What is your school’s vision?

TGS seeks to provide a learning environment that celebrates the gifts and strengths of students with high functioning autism and similar learning profiles. Our students enjoy learning, and being part of a community of accepting, like-minded peers.

Who should apply to our special school for children with high functioning autism?

Our neurodiverse students have typically been diagnosed with high-functioning autism / Asperger’s, or similar learning profiles. They are often “twice-exceptional.” Regardless of diagnosis, we accept applications from neurodiverse students who want to learn and grow in a community of like-minded peers and supportive adult mentors. For more information, see our social, academic, and behavioral criteria.

What is the class size?

Class sizes range from 4-8 students, with an academic teacher and a support team member.

Why did you choose the name, Temple Grandin School?

We understand that some may have a limited association with the name Temple Grandin – others may only think of her as autistic. We see her as a unique individual that breaks the mold and transcends that label. Her autism does not define or limit her potential. Mainstream American press (Time magazine) includes her in a list of heroes. Her example reminds us that each person is unique, with talents waiting to be nurtured. She is iconic, colorful, fascinating… and someone the world is interested in. It is this thriving spirit that we want our students to emulate. Her gracious agreement to let us name a school after her has opened doors we never expected.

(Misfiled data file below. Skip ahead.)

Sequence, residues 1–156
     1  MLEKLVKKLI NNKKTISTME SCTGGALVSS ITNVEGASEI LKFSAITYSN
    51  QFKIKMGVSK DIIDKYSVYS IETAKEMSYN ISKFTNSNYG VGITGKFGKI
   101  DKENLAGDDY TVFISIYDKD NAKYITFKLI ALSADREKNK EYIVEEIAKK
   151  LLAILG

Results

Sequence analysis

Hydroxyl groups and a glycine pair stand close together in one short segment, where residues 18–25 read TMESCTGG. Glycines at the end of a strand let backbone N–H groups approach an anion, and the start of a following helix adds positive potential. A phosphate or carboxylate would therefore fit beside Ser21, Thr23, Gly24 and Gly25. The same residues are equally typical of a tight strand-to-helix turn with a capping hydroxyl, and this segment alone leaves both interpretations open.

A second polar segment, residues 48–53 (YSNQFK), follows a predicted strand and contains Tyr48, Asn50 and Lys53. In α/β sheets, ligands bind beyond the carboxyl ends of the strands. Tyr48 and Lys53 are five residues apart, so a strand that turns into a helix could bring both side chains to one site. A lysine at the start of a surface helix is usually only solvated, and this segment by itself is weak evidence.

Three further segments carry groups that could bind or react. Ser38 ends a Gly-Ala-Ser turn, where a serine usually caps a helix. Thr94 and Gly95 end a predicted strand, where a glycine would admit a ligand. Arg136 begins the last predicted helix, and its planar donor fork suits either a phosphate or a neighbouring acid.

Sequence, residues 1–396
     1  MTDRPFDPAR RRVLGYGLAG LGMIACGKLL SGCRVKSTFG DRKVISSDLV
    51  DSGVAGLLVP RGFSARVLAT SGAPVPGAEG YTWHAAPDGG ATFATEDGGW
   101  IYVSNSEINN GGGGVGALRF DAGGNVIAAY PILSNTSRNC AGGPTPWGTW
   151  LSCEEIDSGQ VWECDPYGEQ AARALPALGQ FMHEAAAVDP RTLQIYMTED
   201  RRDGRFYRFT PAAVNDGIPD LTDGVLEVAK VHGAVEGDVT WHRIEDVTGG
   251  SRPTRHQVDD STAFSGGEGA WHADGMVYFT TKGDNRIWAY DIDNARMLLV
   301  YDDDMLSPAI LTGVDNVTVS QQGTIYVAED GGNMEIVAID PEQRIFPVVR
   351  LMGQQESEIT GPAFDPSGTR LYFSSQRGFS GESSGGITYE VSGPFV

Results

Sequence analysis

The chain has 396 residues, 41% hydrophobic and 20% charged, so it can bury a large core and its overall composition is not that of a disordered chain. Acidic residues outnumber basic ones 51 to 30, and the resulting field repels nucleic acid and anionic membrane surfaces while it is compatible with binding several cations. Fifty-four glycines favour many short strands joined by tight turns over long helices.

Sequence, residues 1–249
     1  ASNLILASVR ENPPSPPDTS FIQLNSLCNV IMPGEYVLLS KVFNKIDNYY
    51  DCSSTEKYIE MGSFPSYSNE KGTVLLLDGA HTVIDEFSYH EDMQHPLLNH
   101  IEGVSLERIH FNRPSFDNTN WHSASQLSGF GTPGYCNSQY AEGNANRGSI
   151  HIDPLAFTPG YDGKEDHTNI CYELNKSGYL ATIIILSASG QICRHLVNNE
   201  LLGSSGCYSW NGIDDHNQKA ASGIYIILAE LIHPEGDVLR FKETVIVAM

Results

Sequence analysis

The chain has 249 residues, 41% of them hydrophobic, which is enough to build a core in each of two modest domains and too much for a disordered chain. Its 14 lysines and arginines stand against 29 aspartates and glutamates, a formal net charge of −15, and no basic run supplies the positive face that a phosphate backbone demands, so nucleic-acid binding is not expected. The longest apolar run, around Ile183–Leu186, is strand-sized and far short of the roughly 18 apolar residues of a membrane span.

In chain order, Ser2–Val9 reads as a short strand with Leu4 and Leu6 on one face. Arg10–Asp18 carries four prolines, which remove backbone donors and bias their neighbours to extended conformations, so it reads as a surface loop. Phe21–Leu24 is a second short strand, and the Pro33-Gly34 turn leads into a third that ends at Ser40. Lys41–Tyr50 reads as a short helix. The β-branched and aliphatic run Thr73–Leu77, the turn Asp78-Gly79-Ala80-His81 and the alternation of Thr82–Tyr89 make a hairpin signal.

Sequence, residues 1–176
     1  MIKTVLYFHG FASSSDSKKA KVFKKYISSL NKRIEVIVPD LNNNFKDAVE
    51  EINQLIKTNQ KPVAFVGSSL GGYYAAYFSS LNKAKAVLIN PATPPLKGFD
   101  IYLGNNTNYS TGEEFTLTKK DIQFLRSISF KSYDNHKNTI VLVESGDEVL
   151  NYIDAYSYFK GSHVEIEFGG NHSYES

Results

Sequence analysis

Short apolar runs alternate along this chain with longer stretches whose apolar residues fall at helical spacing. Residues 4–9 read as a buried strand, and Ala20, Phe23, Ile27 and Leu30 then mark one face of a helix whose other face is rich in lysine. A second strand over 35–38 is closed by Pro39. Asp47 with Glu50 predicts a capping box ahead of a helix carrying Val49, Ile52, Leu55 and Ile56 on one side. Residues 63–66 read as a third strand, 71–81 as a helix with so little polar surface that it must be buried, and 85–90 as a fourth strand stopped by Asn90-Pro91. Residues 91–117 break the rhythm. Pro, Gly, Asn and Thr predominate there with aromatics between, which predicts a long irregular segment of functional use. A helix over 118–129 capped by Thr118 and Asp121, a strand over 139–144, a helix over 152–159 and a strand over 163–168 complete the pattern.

Is Temple Grandin involved with your school for children with high functioning autism?

While Dr. Grandin is not directly affiliated with our school, her educational experiences — as shared with us through her advocacy for students on the autism spectrum — are the basis of our educational model. Our program is built on mutual, trusting relationships between students and adult mentors who help students to develop their strengths and explore related career paths. Following Dr. Grandin’s advice, we also provide opportunities for our students to do real work in our school and community through volunteering, internships, and part-time employment. While you will not find Dr. Grandin roaming the halls at TGS, her influence can be felt throughout.

Will there be other students like my child?